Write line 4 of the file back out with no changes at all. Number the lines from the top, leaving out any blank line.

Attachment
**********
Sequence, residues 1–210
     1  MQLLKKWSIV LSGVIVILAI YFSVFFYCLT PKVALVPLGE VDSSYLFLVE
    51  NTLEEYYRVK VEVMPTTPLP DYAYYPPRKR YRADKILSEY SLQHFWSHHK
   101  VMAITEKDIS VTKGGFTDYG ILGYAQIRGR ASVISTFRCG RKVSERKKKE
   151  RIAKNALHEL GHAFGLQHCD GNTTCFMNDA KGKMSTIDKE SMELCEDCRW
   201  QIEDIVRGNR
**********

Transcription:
   101  VMAITEKDIS VTKGGFTDYG ILGYAQIRGR ASVISTFRCG RKVSERKKKE